When I moved home for two months prior to moving to San Francisco last fall, she became my responsibility once again. She slept on a rug by my bed in my old room.  While there I took her on more walks, which she enjoyed, but not as much as she had. 

I woke up one morning and she had wet herself. She had never done this before and seemed out of sorts. I went to take her outside, but she couldn't move her back legs. We called the veterinarian and took her in. By the time we arrived, she could use her legs, but seemed to be walking differently than before. After the vet ran some tests he explained that she was on her way to kidney failure. She was about fourteen, and I had known as I'd learned with Bruno to expect this.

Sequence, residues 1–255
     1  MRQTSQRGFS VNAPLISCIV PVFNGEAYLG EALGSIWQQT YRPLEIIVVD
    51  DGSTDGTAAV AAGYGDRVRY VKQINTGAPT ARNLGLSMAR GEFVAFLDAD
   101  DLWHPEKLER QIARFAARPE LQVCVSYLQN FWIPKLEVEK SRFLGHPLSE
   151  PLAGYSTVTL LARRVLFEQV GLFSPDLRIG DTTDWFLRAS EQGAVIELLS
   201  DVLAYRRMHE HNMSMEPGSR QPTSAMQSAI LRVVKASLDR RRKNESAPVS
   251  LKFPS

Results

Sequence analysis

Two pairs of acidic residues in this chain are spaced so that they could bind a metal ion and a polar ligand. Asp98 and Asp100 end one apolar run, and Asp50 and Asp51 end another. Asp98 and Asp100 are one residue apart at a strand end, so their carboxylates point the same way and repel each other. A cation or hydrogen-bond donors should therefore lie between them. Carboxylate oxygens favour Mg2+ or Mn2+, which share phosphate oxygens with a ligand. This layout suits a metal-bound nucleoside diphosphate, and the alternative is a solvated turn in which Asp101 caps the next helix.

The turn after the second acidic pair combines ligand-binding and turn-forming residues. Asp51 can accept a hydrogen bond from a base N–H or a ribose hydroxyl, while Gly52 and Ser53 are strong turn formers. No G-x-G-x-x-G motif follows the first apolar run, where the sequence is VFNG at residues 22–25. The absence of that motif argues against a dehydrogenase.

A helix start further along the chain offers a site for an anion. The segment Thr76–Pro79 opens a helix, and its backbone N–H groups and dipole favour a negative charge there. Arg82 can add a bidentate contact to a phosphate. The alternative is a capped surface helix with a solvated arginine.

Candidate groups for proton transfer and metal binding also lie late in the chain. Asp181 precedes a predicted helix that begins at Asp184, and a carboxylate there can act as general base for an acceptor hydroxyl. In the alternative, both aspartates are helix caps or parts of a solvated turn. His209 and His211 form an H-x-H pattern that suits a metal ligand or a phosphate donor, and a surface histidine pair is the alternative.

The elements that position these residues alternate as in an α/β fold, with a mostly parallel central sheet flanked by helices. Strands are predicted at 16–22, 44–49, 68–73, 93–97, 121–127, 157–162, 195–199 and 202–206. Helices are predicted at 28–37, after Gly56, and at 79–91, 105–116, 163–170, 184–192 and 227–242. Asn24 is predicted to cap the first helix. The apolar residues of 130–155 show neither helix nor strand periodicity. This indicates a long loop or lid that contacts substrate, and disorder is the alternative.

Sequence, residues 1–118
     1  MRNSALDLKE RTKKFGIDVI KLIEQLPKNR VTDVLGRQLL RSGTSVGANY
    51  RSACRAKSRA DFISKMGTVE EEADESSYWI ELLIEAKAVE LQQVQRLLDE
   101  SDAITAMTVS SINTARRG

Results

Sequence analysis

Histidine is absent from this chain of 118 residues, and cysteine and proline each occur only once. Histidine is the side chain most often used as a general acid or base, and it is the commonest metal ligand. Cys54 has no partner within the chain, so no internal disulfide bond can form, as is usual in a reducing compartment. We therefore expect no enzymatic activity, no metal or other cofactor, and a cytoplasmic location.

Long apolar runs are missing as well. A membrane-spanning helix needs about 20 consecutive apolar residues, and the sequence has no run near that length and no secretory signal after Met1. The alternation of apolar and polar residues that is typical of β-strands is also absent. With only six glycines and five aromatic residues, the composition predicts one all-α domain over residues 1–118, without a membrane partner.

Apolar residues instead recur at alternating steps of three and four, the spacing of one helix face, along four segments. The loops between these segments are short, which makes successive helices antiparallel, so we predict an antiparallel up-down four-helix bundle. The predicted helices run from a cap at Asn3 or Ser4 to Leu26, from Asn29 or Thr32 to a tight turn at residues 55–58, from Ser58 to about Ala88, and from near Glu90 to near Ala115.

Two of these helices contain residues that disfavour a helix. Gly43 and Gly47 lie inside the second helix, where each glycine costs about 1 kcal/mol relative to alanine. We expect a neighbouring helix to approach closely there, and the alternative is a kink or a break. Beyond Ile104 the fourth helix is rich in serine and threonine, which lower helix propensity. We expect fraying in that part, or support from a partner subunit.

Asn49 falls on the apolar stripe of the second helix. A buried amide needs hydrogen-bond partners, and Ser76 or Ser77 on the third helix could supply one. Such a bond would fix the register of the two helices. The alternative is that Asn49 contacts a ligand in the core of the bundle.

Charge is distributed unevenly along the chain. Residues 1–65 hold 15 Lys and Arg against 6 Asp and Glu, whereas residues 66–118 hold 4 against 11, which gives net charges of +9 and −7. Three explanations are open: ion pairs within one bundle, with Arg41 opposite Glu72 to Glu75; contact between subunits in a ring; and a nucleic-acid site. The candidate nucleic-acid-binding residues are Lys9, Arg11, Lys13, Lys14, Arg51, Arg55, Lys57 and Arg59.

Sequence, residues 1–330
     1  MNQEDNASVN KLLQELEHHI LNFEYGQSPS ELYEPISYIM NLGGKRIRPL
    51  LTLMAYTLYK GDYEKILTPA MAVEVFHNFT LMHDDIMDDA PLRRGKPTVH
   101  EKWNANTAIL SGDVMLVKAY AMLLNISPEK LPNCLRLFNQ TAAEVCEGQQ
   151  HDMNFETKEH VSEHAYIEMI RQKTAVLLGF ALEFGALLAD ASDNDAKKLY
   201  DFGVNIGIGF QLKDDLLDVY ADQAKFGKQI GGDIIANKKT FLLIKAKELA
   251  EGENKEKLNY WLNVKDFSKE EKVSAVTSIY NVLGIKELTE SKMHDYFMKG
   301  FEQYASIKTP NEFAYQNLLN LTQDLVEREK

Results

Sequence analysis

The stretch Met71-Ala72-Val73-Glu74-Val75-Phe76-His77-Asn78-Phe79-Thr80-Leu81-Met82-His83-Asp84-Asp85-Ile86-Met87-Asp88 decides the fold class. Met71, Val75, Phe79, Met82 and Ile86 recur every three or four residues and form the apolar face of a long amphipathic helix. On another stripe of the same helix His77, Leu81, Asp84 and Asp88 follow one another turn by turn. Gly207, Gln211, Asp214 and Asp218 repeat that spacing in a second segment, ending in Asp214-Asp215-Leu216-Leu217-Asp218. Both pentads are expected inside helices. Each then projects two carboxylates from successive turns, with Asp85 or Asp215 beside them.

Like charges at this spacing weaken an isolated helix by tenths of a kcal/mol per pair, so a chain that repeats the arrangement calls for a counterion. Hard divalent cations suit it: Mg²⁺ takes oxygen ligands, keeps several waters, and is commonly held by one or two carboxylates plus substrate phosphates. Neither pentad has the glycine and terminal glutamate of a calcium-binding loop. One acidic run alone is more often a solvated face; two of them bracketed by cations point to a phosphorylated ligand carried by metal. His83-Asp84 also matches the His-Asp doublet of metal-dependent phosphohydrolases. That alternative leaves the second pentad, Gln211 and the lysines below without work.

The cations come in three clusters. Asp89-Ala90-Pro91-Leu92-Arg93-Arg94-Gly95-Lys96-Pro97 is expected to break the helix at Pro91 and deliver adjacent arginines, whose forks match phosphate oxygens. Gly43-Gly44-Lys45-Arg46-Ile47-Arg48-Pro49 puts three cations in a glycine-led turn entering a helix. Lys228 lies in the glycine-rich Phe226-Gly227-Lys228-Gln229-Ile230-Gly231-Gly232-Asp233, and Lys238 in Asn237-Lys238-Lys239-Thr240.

I got all the pills the doctor recommended and special food and took her home. After trying to get her to swallow her pills several times on her own, I dipped them in peanut butter with success. We went through this ritual a couple times a day for about a week, and she was back to herself.

Exactly a week before Christmas she was feeling better and took off when my dad left her in the backyard too long. We spent that night frantically walking and driving around and putting up signs after calling animal control to see in anything had been reported about a dog similar to her. 

It was late that night that I pulled off the road after driving by what appeared to be a dead animal in the road. My parents had seen it too and were parked a few yards in front of me. They had gotten a better look than I had, and told me it wasn't her. After we all got home I went out some more to no avail.